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Kawasaki gas engine gets DNV type approval

Written by Nick Blenkey
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APRIL 9, 2014 — Kawasaki Heavy Industries, Ltd. has introduced the L30KG gas engine: a main engine for large vessels, fueled solely by gas and with an output capacity of over 2 MW.

It is the first Japanese-made gas engine to obtain type approval from DNV. Kawasaki has already started marketing activities and will also complete steps to obtain type approval for the control system.

Available in 5, 6, 7, 8 or 9 cylinder configurations with rated outputs of 2,225 kW to 4,500 kW, the engine has a bore of 300 mm, a stroke of 480 mm and a speed of 750 rpm

Development of the marine gas engine follows the launch of a Kawasaki gas engine for the distributed power generation market that is said to achieve the world’s highest electrical efficiency of 49.0% and NOx emissions below 200 ppm (at 0% O2).

The L30KG is based on this technology, addressing needs for maritime application such as load fluctuation. It also features technology to support two types of propulsion systems: a mechanical propulsion system in which the engine is coupled directly with the propeller, and an electrical propulsion system in which the engine generates electricity to drive the propeller indirectly.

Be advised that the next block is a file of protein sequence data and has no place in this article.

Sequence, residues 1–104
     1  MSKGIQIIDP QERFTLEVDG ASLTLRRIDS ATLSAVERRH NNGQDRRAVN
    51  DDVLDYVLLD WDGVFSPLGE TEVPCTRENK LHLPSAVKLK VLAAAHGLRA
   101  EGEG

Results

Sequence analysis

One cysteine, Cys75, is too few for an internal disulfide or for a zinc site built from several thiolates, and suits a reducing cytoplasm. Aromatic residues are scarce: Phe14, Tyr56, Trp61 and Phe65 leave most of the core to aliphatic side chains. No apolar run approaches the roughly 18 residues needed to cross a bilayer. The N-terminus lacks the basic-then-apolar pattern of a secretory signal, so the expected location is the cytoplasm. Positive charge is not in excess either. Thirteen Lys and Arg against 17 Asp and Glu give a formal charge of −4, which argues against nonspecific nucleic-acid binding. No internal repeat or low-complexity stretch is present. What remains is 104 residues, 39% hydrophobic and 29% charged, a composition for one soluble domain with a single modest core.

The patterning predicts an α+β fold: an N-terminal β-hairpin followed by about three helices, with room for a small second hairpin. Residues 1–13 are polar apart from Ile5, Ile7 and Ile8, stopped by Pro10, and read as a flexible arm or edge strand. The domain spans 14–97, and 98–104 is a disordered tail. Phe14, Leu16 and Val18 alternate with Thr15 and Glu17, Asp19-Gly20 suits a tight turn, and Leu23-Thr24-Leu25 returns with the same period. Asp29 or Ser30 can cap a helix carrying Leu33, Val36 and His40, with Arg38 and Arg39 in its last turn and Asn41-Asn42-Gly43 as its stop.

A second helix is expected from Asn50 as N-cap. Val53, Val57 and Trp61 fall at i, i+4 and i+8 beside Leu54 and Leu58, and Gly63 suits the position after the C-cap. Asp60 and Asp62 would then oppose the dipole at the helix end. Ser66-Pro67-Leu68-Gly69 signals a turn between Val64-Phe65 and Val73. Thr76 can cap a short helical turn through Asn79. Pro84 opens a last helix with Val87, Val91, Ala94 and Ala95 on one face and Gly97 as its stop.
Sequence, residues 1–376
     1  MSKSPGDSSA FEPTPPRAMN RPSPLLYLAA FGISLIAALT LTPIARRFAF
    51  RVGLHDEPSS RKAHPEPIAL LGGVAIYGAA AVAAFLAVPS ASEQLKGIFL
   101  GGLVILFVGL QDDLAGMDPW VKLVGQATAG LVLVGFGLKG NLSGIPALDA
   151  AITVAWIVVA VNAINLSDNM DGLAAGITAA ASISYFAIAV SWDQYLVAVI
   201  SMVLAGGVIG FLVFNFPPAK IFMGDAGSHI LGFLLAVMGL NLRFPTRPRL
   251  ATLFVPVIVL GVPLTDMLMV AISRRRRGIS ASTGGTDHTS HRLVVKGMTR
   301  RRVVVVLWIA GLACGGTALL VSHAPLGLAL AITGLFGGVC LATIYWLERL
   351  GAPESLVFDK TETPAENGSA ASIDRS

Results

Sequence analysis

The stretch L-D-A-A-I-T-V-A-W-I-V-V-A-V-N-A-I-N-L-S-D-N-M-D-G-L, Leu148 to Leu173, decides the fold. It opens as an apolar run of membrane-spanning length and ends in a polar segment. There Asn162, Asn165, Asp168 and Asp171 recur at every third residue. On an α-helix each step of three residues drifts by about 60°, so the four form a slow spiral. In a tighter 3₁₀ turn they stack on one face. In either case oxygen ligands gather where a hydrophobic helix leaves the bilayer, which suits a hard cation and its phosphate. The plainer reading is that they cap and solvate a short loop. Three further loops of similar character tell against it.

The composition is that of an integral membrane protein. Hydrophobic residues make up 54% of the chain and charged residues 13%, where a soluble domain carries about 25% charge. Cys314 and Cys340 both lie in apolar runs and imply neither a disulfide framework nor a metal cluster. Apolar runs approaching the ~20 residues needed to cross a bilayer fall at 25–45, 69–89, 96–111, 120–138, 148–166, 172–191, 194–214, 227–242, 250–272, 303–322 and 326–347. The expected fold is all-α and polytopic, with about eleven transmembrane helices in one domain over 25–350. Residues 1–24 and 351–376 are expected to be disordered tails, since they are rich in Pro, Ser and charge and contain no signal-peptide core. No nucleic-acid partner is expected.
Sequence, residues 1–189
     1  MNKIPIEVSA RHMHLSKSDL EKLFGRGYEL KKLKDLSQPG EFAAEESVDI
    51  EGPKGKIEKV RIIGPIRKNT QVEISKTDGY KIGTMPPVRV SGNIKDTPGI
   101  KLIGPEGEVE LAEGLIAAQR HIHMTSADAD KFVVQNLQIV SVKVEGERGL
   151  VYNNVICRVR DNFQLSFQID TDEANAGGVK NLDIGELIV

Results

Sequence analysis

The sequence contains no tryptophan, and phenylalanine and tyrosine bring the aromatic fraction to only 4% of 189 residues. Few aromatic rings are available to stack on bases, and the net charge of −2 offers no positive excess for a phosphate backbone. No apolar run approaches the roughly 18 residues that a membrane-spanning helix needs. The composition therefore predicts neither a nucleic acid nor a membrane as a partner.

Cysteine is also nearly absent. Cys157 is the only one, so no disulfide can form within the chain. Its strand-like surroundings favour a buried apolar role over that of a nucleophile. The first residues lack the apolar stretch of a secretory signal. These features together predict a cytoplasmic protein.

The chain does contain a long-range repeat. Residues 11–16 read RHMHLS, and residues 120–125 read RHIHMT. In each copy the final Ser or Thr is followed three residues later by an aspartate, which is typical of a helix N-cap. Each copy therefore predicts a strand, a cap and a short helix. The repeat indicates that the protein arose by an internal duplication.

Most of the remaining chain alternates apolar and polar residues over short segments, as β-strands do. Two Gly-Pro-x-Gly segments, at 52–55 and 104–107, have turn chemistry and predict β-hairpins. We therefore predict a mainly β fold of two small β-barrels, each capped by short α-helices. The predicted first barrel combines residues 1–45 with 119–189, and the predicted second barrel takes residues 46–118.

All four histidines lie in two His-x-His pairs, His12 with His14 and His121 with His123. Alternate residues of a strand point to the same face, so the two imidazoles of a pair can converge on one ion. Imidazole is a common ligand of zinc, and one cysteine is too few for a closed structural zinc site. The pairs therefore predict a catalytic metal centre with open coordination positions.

Kawasaki has conducted land-based tests using a 2.7 MW (6-cylinder) demonstration engine at its Kobe Works.

Kawasaki notes that the International Maritime Organization (IMO) mandates a phased reduction of CO2 as well as NOx and SOx emitted from marine vessels. NOx emissions from diesel engines will be subject to Tier III regulations starting in 2016, which require a reduction of at least 80% compared to Tier I levels when sailing in the emission control areas.

While the gas engine is exempted from NOx emissions regulations, it can reduce emissions to far below the level set by Tier III regulations without relying on special equipment such as an SCR (Selective Catalytic Reduction) system.

Kawasaki says that “its superior environmental performance also allows significant reduction of CO2 and SOx emissions compared to diesel engines, thus helping marine vessels meet various environmental regulations.”

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